Massage tables at an Equinisity retreat are not placed in a tiny room with incense and New Age music — they’re in the Canadian outdoors, standing in a ranch paddock with several horses and other animals, accompanied by their unique smells and sounds. Instead of a massage therapist kneading your body, you may find a velvety nose reaching out and offering a sense of quiet togetherness. “Intimacy” is what one retreat-goer describes.
The retreats are located at Gateway 2 Ranch in Kamloops, British Columbia; 320 acres of meadows, lakes, and old-growth forests. The ranch is owned and operated by Liz Mitten Ryan, a self-described “artist, author, horse and animal communicator.”
Equinisity retreats are “a transformational journey,” achieving spiritual and personal healing and growth through nature — the land, the plants, the animals. Practitioners guide participants through exercises in meditation, journaling, nature walks and communing with the animals. The daily routine is flexible to accommodate personal preference for inspiration or spiritual development and healing.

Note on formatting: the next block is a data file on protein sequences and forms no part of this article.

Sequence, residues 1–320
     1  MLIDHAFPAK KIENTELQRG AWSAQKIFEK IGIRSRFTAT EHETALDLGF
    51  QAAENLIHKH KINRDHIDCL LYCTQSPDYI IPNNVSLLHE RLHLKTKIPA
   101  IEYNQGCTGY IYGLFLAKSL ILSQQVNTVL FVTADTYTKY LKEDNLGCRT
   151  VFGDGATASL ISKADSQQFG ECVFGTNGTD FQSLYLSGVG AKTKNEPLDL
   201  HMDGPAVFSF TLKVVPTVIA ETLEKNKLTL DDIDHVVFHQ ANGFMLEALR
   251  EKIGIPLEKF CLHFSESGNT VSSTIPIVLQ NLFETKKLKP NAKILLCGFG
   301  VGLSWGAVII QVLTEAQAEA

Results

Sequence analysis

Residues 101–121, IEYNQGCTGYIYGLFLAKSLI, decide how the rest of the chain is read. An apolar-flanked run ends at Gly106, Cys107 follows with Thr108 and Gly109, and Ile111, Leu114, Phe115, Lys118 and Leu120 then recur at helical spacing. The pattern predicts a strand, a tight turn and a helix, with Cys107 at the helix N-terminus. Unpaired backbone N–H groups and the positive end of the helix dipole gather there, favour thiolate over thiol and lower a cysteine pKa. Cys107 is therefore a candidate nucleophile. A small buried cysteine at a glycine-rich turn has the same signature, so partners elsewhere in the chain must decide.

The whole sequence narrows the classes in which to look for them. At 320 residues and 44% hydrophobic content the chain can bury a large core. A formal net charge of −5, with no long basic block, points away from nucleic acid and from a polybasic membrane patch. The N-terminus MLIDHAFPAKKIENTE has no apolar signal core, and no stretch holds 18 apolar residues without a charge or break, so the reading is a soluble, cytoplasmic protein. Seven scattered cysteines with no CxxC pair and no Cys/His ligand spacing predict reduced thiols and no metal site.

The ranch is also home to cats, dogs, a steer and a few llamas. Retreat participants play and commune freely with the animals, but there is particular bonding with the horses, collectively and affectionately called the Herd. “There’s something very evocative about the horse,” says Ryan in the film “One With the Herd.” “They have such forgiving spirits that they can teach us the essence of life is forgiveness, community, and living now.”